Everything has been breaking lately. We purposely went to see our mechanic before leaving Central Texas, and pretty much the second after, the issues started. I won’t go into all of them now, but you can watch us talk about them with a sense of humor on our Facebook Live video.
One of the things that broke during our last drive was our wardrobe rod. The only support, a wooden piece in the middle with four screws, came loose and all our clothes fell down. Those of you who know Eric isn’t handy will be so proud to learn that he fixed the closet all by himself!
Through the somewhat arduous process, he said, “There’s too much weight on this rod” about 10 times. Finally I told him it was okay–that we would take clothes off the rod and everything would be fine. I had been wanting to get rid of clothes anyway, so this was the only nudge I needed.
I gave away more clothes than Eric, but there were two suit jackets he had a hard time parting with, including one made of 100 percent camel hair. I don’t think he’s worn it since we started RVing. After a while, it becomes hard to justify keeping certain things, you know?
These images of empty hangers reminded me of early 2014, when we were cleaning out our home in Austin before we started fulltime RVing. That walk-in closet I had once been sooooo excited about seemed cavernous as we got rid of the possessions inside.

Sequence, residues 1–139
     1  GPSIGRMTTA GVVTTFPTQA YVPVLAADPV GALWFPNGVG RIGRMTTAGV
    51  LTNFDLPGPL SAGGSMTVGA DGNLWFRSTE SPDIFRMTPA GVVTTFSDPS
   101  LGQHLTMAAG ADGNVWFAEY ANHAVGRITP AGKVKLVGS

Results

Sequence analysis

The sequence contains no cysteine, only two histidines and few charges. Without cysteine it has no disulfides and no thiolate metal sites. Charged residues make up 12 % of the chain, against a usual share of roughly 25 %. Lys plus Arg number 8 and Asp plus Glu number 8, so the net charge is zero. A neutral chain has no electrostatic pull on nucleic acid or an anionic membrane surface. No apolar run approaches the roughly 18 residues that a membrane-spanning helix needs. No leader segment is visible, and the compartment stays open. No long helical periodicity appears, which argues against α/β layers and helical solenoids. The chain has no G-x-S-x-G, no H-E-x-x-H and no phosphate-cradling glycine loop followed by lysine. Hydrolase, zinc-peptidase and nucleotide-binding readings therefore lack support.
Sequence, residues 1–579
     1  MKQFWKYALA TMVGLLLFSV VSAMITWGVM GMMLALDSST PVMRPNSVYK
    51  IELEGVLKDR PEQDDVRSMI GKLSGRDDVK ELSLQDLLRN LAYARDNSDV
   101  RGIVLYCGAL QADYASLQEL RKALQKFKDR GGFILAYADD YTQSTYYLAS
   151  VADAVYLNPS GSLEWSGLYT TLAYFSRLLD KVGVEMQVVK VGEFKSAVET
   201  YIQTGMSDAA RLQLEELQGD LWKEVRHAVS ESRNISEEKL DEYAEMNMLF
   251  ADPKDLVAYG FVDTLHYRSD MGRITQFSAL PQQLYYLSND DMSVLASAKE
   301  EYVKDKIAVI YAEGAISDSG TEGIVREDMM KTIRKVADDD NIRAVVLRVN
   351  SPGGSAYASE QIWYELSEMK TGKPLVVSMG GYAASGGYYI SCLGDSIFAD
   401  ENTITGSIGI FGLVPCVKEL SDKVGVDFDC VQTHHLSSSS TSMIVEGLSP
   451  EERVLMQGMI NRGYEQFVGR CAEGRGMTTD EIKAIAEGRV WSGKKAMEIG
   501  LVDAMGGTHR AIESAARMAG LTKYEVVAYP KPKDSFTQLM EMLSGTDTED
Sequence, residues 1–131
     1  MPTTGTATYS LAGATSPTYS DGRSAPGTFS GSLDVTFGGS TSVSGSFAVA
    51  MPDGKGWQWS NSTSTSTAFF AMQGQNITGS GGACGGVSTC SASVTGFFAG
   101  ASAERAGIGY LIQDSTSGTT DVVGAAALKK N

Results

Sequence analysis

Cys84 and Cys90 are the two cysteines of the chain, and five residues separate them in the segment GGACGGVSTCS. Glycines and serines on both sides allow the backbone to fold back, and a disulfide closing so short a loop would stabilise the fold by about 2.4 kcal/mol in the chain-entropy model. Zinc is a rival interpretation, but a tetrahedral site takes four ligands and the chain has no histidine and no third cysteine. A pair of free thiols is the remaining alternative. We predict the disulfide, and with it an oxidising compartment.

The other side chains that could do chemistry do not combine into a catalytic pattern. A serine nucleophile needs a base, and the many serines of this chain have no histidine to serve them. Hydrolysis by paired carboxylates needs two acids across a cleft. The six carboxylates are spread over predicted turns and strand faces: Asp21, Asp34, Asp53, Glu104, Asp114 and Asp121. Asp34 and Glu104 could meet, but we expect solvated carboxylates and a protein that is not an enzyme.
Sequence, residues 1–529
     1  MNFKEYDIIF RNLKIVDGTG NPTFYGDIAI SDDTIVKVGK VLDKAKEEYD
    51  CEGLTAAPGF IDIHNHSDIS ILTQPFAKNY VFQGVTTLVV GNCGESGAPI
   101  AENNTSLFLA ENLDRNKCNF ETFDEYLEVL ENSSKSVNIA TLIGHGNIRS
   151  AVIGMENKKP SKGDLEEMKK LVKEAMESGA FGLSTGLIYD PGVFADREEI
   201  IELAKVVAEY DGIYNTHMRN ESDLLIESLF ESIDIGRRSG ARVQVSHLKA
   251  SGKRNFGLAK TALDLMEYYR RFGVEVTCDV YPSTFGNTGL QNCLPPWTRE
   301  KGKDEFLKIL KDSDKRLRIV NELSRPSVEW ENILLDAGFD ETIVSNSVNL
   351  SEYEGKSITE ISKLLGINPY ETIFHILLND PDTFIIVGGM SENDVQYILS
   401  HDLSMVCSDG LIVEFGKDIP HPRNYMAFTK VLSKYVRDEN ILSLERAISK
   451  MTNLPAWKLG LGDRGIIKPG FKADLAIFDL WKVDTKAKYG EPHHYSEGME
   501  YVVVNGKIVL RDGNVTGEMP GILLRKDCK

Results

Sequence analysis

Some of you know that we go through our RV every six months–the basement and inside–to find things we don’t need anymore. If we haven’t used an item in a year, it’s pretty much an automatic donation. But we look at every item and seriously evaluate whether it’s worth keeping. Three and a half years into this lifestyle, you’d be astonished at how much we get rid of every time.
–> Keep reading: “How to Liquidate Your Possessions for RV Life”
Since we have much less than we once did, we’ve learned to be selective. We’ve learned to buy things we really want or need, rather than buying to fill space. As I cleaned out my closet this time, I found myself asking how I felt when I wore each piece of clothing. If the answer wasn’t “comfortable” or “happy,” then I didn’t need to keep it. (I didn’t follow this rule perfectly because the size of the donation pile was getting scary, but I plan on another round soon.)
I’m sharing all this for those who are considering RVing, or who are new to the lifestyle, so that you know it’s a process. You don’t have to get rid of everything at once. You don’t have to pretend the process is easy. Many of us spend our lives earning money to buy things, and the cause –> effect is tough to unlearn. Not to mention that’s it’s painfully hard to get rid of things no one values as much as you do. I get it.
Just remember why you’re doing it. Trust me, throwing off the weight feels good.